Mercer County Community College recently unveiled a multi-pronged program to educate citizens and empower them to become leaders within their communities.
Emily Mann — the visionary artistic director of McCarter Theater from 1990 to 2020 and the writer of more than a dozen stage works — is now herself the subject of a new biography.
The holiday season is here, and there’s something glowing brighter than ever. That’s because the region’s cultural presenters are once again adding an abundance of color and life to a season that is dark and cold.
While the pandemic may have paused concert going, the new Princeton University Press publication “Ways of Hearing” proves that concert hall silence did not pause sound thinking about music.
Changing the Landscape: Healthy Yards = Healthy People/Cambiando el Paisaje: Jardines Sanos = Gente Sana, a year-long project aimed at encouraging our community to adopt healthy lawn care practices, continues to make progress.
Many towns within Mercer County area saw moderate levels of population growth over the last 10 years, according to information released last month by the U.S. Census Bureau.
Princeton Makes, a new artist cooperative, is celebrating its grand opening. Princeton-area architects and designers are marking the eight-day Jewish holiday of Sukkot with an 11-day display of sukkahs, or temporary shelters, on public sites around town.
Sheila Bodine's latest photography exhibit, “Princeton Together,” is an ode to the town she lives in, shown at the Arts Council of Princeton through October 9.
The New Jersey State Button Society will lift its pandemic-induced pause button and celebrate its 80th anniversary tri-state button show at the Union Fire Company and Rescue Square Hall in Titusville on Sept. 11.
One controversial application -- for a new home on Wheatsheaf Lane -- was approved, while another -- Princeton University's plans for the former Court Club -- won't be resolved until the fall.
A residential street in Princeton is the unlikely home of the nonprofit Shark Research Institute, which advocates for shark conservation and protection.
Triumph has reopened and begun work on its new location at the former Post Office in Palmer Square. And a new Caribbean restaurant has opened on Nassau Street.
The Zoning Board of Adjustment dedicated more than two hours during its June 15 meeting to a contentious hearing on a proposed new construction home.
After being forced to pause meetings due to the COVID-19 pandemic, the Amateur Astronomers Association of Princeton is finally back and looking at the stars.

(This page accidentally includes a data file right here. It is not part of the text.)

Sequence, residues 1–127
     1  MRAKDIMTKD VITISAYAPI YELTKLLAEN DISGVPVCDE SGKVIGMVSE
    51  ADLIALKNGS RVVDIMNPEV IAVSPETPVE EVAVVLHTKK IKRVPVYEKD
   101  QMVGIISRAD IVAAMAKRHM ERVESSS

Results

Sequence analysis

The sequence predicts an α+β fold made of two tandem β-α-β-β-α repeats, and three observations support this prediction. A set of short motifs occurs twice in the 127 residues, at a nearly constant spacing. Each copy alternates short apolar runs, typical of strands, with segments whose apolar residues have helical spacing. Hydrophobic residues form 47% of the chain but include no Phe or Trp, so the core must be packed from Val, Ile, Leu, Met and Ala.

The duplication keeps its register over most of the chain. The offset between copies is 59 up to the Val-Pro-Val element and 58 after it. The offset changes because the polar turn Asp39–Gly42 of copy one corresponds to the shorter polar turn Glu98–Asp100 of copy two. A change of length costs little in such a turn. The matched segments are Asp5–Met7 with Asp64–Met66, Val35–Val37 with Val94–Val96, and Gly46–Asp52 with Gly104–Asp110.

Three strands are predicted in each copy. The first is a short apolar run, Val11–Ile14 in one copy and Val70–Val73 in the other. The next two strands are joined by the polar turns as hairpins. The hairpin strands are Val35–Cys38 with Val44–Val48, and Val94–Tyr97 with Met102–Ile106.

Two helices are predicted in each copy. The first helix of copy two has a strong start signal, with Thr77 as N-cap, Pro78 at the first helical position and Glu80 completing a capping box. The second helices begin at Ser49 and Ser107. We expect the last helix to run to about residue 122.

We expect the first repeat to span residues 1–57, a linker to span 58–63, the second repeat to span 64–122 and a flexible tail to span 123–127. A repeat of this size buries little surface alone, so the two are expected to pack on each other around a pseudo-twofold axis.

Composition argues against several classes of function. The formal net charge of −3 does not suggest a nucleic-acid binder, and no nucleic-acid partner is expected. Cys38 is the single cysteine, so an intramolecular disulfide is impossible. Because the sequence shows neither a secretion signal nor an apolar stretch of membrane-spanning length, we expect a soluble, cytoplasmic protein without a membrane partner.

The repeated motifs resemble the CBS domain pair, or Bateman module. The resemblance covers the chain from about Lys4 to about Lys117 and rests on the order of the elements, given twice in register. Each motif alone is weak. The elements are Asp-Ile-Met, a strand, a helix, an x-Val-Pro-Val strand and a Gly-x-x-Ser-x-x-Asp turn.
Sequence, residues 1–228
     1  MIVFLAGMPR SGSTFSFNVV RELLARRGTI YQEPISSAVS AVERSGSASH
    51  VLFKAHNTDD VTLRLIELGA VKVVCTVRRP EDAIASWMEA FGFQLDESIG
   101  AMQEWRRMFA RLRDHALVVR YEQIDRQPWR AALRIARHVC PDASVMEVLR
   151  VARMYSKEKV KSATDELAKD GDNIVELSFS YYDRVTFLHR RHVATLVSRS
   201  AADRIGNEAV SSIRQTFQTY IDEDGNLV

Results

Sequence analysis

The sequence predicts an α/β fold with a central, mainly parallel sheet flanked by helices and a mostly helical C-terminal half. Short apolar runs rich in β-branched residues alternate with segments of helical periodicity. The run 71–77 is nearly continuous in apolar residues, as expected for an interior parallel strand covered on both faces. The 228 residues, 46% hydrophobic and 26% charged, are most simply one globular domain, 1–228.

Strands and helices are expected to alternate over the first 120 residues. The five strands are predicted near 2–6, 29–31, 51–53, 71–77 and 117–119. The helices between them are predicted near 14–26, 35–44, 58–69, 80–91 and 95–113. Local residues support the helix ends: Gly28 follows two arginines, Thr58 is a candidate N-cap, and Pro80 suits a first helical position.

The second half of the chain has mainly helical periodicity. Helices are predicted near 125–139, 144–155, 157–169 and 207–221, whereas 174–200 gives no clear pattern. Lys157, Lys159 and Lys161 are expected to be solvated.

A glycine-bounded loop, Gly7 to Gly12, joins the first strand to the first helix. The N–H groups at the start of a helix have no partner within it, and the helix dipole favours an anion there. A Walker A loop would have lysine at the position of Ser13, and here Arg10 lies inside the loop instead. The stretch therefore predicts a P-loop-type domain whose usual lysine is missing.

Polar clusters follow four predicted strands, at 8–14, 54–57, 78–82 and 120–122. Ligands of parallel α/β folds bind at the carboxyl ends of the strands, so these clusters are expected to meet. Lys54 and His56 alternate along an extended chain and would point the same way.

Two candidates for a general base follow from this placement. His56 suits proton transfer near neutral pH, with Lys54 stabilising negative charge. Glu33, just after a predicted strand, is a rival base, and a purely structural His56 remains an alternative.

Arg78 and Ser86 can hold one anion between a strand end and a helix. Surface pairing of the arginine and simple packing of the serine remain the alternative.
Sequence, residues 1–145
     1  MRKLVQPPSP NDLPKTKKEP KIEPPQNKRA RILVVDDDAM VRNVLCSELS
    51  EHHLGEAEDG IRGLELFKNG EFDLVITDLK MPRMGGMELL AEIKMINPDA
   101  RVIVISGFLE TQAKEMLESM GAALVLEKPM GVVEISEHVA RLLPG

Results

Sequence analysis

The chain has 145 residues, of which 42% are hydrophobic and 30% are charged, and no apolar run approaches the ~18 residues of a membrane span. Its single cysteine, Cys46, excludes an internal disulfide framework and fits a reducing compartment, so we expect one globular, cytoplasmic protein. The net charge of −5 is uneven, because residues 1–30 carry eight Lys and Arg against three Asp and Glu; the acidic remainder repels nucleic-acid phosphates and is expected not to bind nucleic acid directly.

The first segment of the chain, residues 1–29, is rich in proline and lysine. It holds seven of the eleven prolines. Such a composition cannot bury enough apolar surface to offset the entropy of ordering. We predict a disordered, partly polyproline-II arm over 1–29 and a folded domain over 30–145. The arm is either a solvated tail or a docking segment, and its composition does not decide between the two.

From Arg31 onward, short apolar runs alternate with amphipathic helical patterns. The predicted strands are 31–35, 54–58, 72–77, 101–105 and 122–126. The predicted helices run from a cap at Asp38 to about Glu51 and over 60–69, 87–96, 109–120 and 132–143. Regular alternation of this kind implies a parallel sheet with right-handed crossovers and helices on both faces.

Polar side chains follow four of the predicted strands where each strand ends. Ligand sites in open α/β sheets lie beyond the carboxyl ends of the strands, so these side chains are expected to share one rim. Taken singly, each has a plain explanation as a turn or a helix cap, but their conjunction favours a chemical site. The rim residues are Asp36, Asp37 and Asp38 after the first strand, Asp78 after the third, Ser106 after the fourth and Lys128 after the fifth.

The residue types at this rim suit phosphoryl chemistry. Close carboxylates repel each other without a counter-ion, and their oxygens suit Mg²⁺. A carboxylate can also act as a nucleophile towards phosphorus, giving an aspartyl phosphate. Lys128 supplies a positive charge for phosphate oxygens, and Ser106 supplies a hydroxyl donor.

The value of preserving history is facing off against the importance of addressing tomorrow’s scientific problems as a Princeton University plan to alter the historic Prospect Avenue streetscape to accommodate new engineering buildings has generated fierce debate.
The Historical Society of Princeton has long been known for its annual house tour featuring architecturally and historically significant Princeton homes
Princeton-based artist Carole Jury exhibits a retrospective of her works at 19 Hulfish Street from May 4 through 9 in a show titled “Reinvention – Act. #1.”
Blue Bears Special Meals is planning a special celebration for our second anniversary of enabling young adults facing intellectual and development disorders to work and learn in a meaningful environment
James Demetriades, the recently named CEO of Penn Medicine Princeton Health in Plainsboro, is taking charge of one of the region’s major medical centers during an era of unprecedented changes.
With e-bikes, an additional trend is pumping up the action. Namely, the appeal for aging cyclists of motor-assisted bikes that can still allow enjoying fairly lengthy or hilly rides
Arts Council of Princeton artist-in-residence Robin Resch says she likes the idea of using Nassau Street’s Dohm Alley as the setting for her upcoming photographic exhibition, “Taking Pause”
Share My Meals, a Princeton-based nonprofit started last year to fight food insecurity, has expanded into Lawrence Township. Last month, the organization added Fedora Cafe as the fifth restaurant in its network of food suppliers.
Mercer County and the communities within will receive a combined total of almost $187 million in aid from the federal government over the next two years.
Museums in Motion exhibitions and programs look at the time span between 1800 and today to highlight the contributions of both “the legendary and unknown” Americans of African ancestry